Culture Envy: Mauvey, mixtapes, and the importance of love

The singer-songwriter expects to have new projects released in the new year

Ransford Lareya, the artist who performs as Mauvey. (Submitted)

Henry, a flower delivery guy, a clown named Moby Locks, and a custodian are just a few of the characters in Mauvey’s latest mixtape, The Florist

With a mix of pop, hip-hop, and R&B, the mixtape reflects on a novel from a four-part series that Mauvey wrote, showing the importance of spreading love to others and himself. 

Ransford Lareya, the artist who performs as Mauvey, was born in Accra, Ghana and grew up between Southampton of the United Kingdom and Vancouver, British Columbia. Before entering the music scene in 2012, Mauvey was a professional basketball player for several years in Denmark and England. 

He says the album is about a man who quit his high-powered job to become a flower delivery man to distribute love and happiness by giving people flowers. 

“But in a lot of ways, I identify with this character, wanting to make people happy [and] to distribute love,” says Mauvey.

Mauvey switched his career to begin writing music. He started writing poems, short stories, and novels, and moved into writing hip-hop and folk music. Now, he writes a song every day to practice his skills. 

Nine years later, Mauvey has released two EPs, The Florist, and has gone on multiple tours across the U.K., Germany, and Canada. 

“I had really nothing to do with music until my mid-20s,” says Mauvey. “So my whole mindset is like, ‘Man, people have been doing this their whole lives, and I haven’t, so I actually have a lot of catching up to do.’”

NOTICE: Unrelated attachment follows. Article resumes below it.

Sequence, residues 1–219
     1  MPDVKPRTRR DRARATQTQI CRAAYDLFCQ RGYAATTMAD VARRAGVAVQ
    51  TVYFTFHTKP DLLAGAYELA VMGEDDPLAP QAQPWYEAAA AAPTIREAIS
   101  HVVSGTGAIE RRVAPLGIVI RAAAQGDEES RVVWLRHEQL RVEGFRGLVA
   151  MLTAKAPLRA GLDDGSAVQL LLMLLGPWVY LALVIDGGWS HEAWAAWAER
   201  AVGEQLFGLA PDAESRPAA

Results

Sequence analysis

Out of the 10 songs, Mauvey says “Helium” and “I GET IT” were his favourite to create, not only because of the melody but for how personal they are. 

He says that these two songs specifically reflect more of his personal life and of a special time in his life. 

“‘Helium’ is an actual true story from beginning to end, it’s not like a metaphoric world,” says Mauvey. “Every single thing I talked about happened in real life, so it’s just a really cool reminder of something that was a really special time in my life.” 

In addition to the songs in The Florist, Mauvey directed and produced a short film series to accompany the mixtape release. This introduced the characters to the world and gave listeners “easter eggs” for future projects. 

Also filmed in B.C., the series consists of four parts, each featuring one song off the mixtape introducing seven characters showing how they’ve encountered love in their life and their individual love story. 

While being an actor in the film and playing five different characters in the series, Mauvey says that “the custodian is still often decades past this distant mourning, a loss of love to grieve and to mourn.”  

He adds that another character’s story was when the clown Moby Locks attended a dinner party where he was the only one who looked different except for the other clown sitting at the end of the table.  

“He’s learning how to exert himself like maybe he hasn’t seen someone who looks like him. In my life, being a Black man, and in the world, just being able to relate to that feeling, accepted and understood in certain environments,” says Mauvey.  

Although every aspect of the filmmaking was Mauvey’s favourite part, he says acting as the clown and the food fight scene in the second video stood out to him. 

“I’ve dreamed about having a real food fight. Not just throw a little thing here and there, but we were throwing real, disgusting food,” says Mauvey. “The cleanup was unbelievable … I’ll never forget that.” 

In the meantime, he is working on producing an album by the end of 2022 and planning an International tour shortly after the release in 2023. To stay updated with Mauvey’s latest work, he can be found through his website or Instagram

“To me, the reason I’m doing this is to distribute love and to get opportunities to tell people that they’re important,” Mauvey says. “It’s important people know just how important they are and how important love actually is to our human experience.”